Thursday, July 2, 2020

Seeker: A Sea Odyssey

I’m delighted to welcome intrepid traveler Rita Pomade to my blog today. I get queasy just looking at the sea and have been known to get sick sitting in a boat, so Rita’s journey was, to me, absolutely eye-opening. Rita shares some thoughts on her sea odyssey and what she did not do and could have done! Rita, an intrepid nomad originally from New York, now lives and writes in Montreal. Her work has appeared in literary magazines and poetry reviews, and her monologue for auditioning actors was selected for inclusion in the Monologue Bank. An excerpt from her forthcoming memoir Seeker: A Sea Odyssey was included in two travel anthologies. 
How I Could Have Enriched My Sea Journey

“Will I drown at sea?” I needed reassurance before I left with my family on our sea odyssey that would take us half-way around the world. Surely, Donatian Gravel, astrologer to Pierre Trudeau, Canada’s 15th Prime Minster, couldn’t be wrong. A friend who was sure Mr. Gravel was on Trudeau’s payroll recommended him. It seemed like a good referral. “How about my kids?” Mr. Gravel studied the symbols scribbled on the chart between us. “You’ll all be fine,” he said. My other preparation was a Sunday sail on Lake Chaplain under a light breeze where I spent the afternoon drinking Chardonnay wine and gorging on tasty snacks. That was it. That’s all I knew of sailing. My focus was on the adventure, the countries, the excitement of travel where I could experience cultures without a timeline.

I didn’t bother to read books on sailing. I didn’t even think it necessary to take a course. I figured I’d learn on the way. But once I was in the thick of it, I didn’t have time on my side. I wasn’t a natural sailor and would have needed an instructor to take me through the steps in a protected environment—away from the worry of pirates, squalls, and rough seas. Fortunately, I could follow instructions and learned that I didn’t panic in danger. And I was fortunate to have a mate who was a consummate sailor. But I had no idea what to do if anything happened to him. If he fell overboard or became too ill to handle the yacht, I’d float on an endless sea, rudderless. I couldn’t read charts. I couldn’t use a sexton. I wasn’t even sure when to tack or reef without his telling me.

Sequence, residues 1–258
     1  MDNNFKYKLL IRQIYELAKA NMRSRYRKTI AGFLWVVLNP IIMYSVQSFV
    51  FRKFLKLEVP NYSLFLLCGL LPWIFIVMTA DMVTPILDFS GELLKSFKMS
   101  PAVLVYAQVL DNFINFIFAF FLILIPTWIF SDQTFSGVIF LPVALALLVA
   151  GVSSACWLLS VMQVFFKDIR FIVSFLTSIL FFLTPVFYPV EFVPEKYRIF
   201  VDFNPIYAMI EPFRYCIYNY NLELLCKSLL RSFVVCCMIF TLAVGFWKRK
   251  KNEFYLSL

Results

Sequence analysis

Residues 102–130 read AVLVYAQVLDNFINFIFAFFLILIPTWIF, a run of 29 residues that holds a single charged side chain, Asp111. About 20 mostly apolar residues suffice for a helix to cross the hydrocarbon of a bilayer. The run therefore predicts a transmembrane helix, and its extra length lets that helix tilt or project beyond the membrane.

In short, whatever the sail, I couldn’t lose that undercurrent of anxiety. When the yacht heeled and flew effortlessly on a strong wind, my mate was in his element. I was afraid we’d topple over. When he jumped into a vast, empty sea to free our log line from the prop, I worried if he’d come up safe. But I also worried about what I’d do if he didn’t come up at all. I loved the adventure—meeting people from diverse cultures, experiencing new foods, learning how accommodate to new situations. But my lack of confidence in handling the yacht brought an edge of discomfort each time we were at sea—and we were often many days out there before landfall.
I also regret not having educated myself about the history and culture of the more than twenty countries we travelled through. I gained a lot because of the luxury of no time frame, but I’d have learned a lot more if I’d have had more background. I found myself catching up after the journey was over. I wanted to learn more about the places where I had been, and I did. But had I done that before our adventure, the journey would have been richer.

For old sea dogs looking for more sea stories or for those who want to try an exciting around the world trip, Rita’s book is available on Amazon.

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